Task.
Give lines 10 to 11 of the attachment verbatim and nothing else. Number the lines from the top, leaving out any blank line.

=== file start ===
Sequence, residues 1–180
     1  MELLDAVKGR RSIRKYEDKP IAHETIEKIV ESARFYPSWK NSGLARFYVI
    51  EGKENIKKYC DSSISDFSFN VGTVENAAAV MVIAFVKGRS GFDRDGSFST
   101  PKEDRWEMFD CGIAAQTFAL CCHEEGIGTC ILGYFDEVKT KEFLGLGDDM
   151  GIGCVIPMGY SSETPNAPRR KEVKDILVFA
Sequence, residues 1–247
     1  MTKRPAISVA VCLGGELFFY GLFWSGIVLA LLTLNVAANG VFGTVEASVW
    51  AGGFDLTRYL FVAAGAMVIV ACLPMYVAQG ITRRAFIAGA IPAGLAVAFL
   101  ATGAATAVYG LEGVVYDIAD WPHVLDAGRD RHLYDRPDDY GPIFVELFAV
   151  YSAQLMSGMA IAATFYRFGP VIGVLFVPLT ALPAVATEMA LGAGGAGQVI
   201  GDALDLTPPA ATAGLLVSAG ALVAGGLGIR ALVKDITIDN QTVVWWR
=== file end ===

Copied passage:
   151  YSAQLMSGMA IAATFYRFGP VIGVLFVPLT ALPAVATEMA LGAGGAGQVI
   201  GDALDLTPPA ATAGLLVSAG ALVAGGLGIR ALVKDITIDN QTVVWWR